Tuesday, July 28, 2015

Chapter 33 - Butte to Gardiner, Montana

Sunday, July 26th:
Today marks the start of our third month on the road and today we leave for Gardiner, Montana. Gardiner is a town that we had never heard of until recently but because Gardiner sits at the north entrance to the Yellowstone National Park, it is mobbed with tourists during the summer months. We were lucky to get reservations at the Rocky Mountain RV Park especially since this park sits on a ridge above the city and above the entrance to Yellowstone. This photo was taken from the RV park. The mountains in the distance are in the Yellowstone National Park and the river in the foreground is the Yellowstone River.

The drive today was just under four hours but here again most of our drive was on the interstate and we arrived at our new campsite around 11:30 am relaxed and excited about visiting the famous Yellowstone National Park.  This afternoon we want to drive into the park just to "get our feet wet" so to speak and at least visit the Mammoth Hot Springs area which is only around eight miles from the north entrance. We provided a map of the park above so that we can better explain the areas we plan to visit. Tomorrow we will drive the entire park or at least the "figure-8" road shown on the above map.  The total distance is around 150 miles and it will probably take us the better part of Tuesday.  On Wednesday we will again enter the park but this time towing our travel trailer and we will exit the park at the East Entrance towards Cody, Wyoming.

Our drive into the park (after showing our new Senior Lifetime Pass) was up a steep winding road that followed in part the Yellowstone River and some steep mountain cliffs.  My immediate thought as we traversed this mountain road was will my poor Dodge Grand Caravan be able to tow our travel trailer up this mountain on Tuesday.  Stay tuned for the answer in a later blog.  Anyway, after driving the eight miles uphill we arrived at Mammoth Hot Springs, a highly developed commercial area complete with a large hotel, stores, and even a gas station.  Furthermore the place was crowded with people and no place to park.  What surprised us even more was that alongside the road were several dozen wild elk eating grass and seemingly oblivious to the traffic and numerous tourists with cameras.  A nearby sign warned that the elk were dangerous but they sure did not give that appearance.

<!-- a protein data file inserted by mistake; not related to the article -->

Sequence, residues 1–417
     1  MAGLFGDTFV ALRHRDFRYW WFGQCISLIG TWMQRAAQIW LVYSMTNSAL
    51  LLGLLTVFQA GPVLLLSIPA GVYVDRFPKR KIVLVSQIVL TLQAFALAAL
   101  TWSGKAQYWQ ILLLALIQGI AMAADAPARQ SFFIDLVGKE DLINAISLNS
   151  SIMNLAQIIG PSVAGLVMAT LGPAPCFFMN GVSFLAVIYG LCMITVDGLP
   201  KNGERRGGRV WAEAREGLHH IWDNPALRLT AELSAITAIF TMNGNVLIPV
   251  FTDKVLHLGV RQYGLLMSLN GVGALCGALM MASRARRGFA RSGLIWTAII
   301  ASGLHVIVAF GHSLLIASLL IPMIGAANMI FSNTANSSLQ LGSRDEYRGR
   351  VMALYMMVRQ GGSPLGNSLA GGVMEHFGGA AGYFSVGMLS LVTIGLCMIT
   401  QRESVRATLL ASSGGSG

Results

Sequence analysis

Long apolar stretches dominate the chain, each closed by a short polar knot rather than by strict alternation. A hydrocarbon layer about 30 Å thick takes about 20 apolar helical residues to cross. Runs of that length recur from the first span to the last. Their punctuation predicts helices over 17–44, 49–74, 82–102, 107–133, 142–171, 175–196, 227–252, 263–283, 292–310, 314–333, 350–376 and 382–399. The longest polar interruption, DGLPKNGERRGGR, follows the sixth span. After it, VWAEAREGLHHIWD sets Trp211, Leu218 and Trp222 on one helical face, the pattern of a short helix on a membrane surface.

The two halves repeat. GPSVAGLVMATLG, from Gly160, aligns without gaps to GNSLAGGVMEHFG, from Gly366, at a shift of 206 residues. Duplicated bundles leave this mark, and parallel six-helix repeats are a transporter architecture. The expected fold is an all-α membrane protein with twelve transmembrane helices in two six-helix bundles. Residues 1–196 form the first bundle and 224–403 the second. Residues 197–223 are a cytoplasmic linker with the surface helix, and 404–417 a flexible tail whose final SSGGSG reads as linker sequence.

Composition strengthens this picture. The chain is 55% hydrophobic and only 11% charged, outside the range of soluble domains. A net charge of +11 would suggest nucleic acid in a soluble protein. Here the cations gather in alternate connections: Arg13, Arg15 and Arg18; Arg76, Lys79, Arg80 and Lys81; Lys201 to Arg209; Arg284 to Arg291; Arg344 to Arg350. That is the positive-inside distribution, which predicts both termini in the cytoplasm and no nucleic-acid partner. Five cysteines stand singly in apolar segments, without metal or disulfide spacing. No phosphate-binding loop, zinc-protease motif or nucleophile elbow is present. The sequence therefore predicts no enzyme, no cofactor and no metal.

We drove past the commercial area hoping to view some of the nearby hot springs that have made this part of Yellowstone famous. Within a matter of minutes we began to see what looked like smoke or steam rising from the ground both on our right and our left.  It was almost as if the ground were on fire. The steam of course was from the hot water bubbling up from the ground reacting to the cool air at the surface. At the same time the hot water reacts with the area's limestone bedrock, dissolving it in part and creating in the process carbon dioxide which in turn is released into the air. We read that this release into the air is kind of like what happens if you shake a carbonated soda and then remove the top of the bottle. You get the idea. In any case, the vision of what appears to be the ground on fire is quite an experience.

As we stated the hot water also causes the limestone rock at the surface to partially dissolve which when combined with the water then flows down the slopes giving the odd illusion of melting or frozen ice.  The hot solution also kills most of the vegetation in its path.  This photograph shows a good example of the end result appearance.  After spending several hours in the area of Mammoth Hot Springs, we decided to return to our campground, relax, and get ready for tomorrow's adventure again into Yellowstone National Park.

Monday, July 27th:
We arose even earlier than usual today both because of our eagerness to see Yellowstone but also because we felt that it was important to get to the park entrance early to avoid the long line that we had encountered on Sunday. It worked; we were into the Park without delay shortly before 7:30 am. Our first goal this morning is to go visit Old Faithful located about 58 miles south of the north entrance. Well, between the quantity of cars and the road construction the drive south to Old Faithful took us a little over two hours mostly nonstop.  We did have one delay however, that was delightful.  Cars were stopped in both directions because one big old bison decided to walk right down the road.  I took this photo as he passed by our stopped car; I could have almost reached out and touched him. He looked angry. Perhaps he too was upset by all of the cars.